Health

Signs that Someone May be Suffering From Osteoporosis

4. Osteoporosis can affect children, too.  Idiopathic Juvenile Osteoporosis, or IJO, is a primary condition with no known cause. Doctors use this diagnosis after they exclude… Trista - June 30, 2021
Credit: Shutterstock

4. Osteoporosis can affect children, too. 

Idiopathic Juvenile Osteoporosis, or IJO, is a primary condition with no known cause. Doctors use this diagnosis after they exclude other causes of juvenile osteoporosis. That includes primary diseases or medical therapies known to cause bone loss. This rare form of osteoporosis typically occurs in children who were previously healthy just before the onset of puberty. It happens around 7 with a range of 1 to 13 years. Fortunately, most children experience a complete recovery of bone loss.

Credit: Shutterstock

The first symptom of IJO is usually pain that occurs in the lower back, hips, and feet. This pain is often accompanied by difficulty walking. There may also be knee and ankle pain and fractures of the lower extremities. There may also be some physical malformations present, such as loss of height, a sunken chest, abnormal curvature of the upper spine, kyphosis, or a limp. If you notice your child is experiencing any one or more of these symptoms, you must tell their doctor right away so they can start treatment if necessary.

Credit: Shutterstock

3. There’s more to know about Idiopathic Juvenile Osteoporosis. 

After the IJO has run its course, the physical malformations are sometimes reversible. There is no medical or surgical therapy for juvenile osteoporosis. However, there may be no need for treatment because the condition usually goes away spontaneously in some cases. Early diagnosis is still important, though. That way, you can take steps to protect the child’s spine and other bones from fracture and breakage until they are in remission. Doctors may recommend some physical therapy. Other things might include using crutches, avoiding dangerous weight-bearing activities, as well as other supportive care.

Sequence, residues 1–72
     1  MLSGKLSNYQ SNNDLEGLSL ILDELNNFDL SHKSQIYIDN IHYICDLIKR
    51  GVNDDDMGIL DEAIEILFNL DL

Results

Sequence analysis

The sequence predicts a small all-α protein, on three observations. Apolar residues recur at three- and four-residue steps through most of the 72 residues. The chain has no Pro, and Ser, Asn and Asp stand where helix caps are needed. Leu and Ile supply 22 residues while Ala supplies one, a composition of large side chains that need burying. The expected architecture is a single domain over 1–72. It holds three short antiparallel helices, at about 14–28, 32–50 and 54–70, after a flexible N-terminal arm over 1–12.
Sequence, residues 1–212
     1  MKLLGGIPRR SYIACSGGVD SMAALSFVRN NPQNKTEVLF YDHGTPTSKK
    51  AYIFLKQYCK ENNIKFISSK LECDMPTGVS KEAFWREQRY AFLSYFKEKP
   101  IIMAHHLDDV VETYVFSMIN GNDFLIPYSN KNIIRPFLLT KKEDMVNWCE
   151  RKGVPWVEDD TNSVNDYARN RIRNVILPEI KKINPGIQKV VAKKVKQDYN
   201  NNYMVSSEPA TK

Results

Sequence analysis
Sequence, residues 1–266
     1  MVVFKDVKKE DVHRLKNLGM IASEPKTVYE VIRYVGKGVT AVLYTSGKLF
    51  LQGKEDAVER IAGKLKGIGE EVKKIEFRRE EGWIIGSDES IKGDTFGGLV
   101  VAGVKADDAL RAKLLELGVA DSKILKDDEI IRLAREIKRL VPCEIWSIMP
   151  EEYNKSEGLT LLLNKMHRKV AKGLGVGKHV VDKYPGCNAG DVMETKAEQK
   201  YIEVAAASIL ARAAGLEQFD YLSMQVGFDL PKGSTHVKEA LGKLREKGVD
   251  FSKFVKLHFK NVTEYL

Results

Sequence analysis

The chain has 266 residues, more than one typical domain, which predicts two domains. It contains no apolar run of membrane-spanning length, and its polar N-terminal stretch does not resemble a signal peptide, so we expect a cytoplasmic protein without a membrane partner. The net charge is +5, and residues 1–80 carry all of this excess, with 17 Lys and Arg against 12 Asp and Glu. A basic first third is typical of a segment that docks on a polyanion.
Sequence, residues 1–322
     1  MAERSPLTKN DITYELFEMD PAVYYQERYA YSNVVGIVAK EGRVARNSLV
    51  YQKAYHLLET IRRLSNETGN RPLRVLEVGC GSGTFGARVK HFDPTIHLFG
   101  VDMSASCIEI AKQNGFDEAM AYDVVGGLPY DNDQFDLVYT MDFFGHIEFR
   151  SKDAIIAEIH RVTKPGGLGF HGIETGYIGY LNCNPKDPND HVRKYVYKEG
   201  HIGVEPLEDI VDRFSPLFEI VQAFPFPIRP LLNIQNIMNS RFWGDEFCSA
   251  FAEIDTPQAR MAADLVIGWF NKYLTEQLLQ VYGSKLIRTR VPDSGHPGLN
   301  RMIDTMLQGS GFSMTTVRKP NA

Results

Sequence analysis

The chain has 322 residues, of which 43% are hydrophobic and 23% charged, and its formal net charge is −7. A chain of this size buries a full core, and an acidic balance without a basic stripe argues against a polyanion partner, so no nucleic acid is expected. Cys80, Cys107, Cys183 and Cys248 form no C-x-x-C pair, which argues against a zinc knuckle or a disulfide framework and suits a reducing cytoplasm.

Credit: Shutterstock

A well-balanced diet rich in vitamin D and calcium is also vital for children. In severe, long-lasting cases of juvenile osteoporosis, doctors gave children some medications called bisphosphonates experimentally. Today, experts approve them for the treatment of adults with osteoporosis. However, most children experience a complete recovery of the bone tissue lost. Although you have impaired growth during the acute phase of the disorder, normal growth resumes, and afterward, catch-up growth often occurs. Unfortunately, in some severe cases, IJO can result in a permanent disability, such as a collapse of the upper spine’s rib cage or curvature.

Credit: Shutterstock

2. Medications to help treat osteoporosis can come with side effects of their own. 

Depending on an individual’s situation, a doctor will recommend specific treatments to help treat their osteoporosis. Treatments for osteoporosis are taken to help reduce the risk of fractured or broken bones and are becoming increasingly prescribed for people with a high risk of fracture or bone breakage. Although these medications may reduce the risk of broken bones in people with osteoporosis, those same medications can also cause side effects in some people. However, these side effects would depend on a lot of different factors.

Credit: Shutterstock

Some of the bisphosphonate tablets can cause inflammation to the food pipe, known as the oesophagus. Also, you can experience a sore throat, swallowing difficulties, chest pain, and musculoskeletal pain. Sometimes injectable bisphosphonates cause flu-like symptoms for a few days. Raloxifene, or evista and strontium ranelate, or protelos can slightly increase the risk of blood clots. To help reduce the risk of side effects with these medications, there are strict instructions regarding how the bisphosphonate tablets are to be taken. Furthermore, it is vital to follow strict instructions. 

Credit: Shutterstock

1. Doctors are continually developing new treatments. 

Scientists are continually developing new treatments that would help treat osteoporosis, and many are currently undergoing testing. Some of those treatments include anti-RANK ligand antibodies, such as denosumab. They affect bone breakdown by inhibiting a local hormone called RANK ligand, which affects the control of bone turnover. There is other research, which is examining growth hormones, and the role played by genes, and existing drugs are also being updated and improved. For example, Ibandronate or Bonviva is available as an intravenous injection, but it’s also available in a tablet.

Credit: Shutterstock

Many doctors will know about new treatments that are becoming more available to the public. If you want to know about something new, or have any questions about the one you may have already heard about, ask your doctor. They may have some suggestions on what to try to help treat your osteoporosis. Who knows, you might be able to help out with research in the future. Sometimes patients are asked to help participate in studies to help find new treatments that work best for others with similar illnesses as yourself. 

Advertisement